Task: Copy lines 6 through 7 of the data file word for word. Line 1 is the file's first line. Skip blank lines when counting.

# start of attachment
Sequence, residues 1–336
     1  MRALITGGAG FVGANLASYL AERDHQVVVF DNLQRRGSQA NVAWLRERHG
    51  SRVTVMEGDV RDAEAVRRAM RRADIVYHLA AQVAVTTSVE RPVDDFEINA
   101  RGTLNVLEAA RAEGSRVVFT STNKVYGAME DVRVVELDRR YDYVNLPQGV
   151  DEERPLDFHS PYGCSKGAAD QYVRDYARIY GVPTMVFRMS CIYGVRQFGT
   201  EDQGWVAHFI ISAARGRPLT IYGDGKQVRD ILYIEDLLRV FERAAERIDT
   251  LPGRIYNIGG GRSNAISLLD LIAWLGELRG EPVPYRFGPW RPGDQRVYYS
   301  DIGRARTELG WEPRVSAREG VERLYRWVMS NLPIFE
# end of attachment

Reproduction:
   201  EDQGWVAHFI ISAARGRPLT IYGDGKQVRD ILYIEDLLRV FERAAERIDT
   251  LPGRIYNIGG GRSNAISLLD LIAWLGELRG EPVPYRFGPW RPGDQRVYYS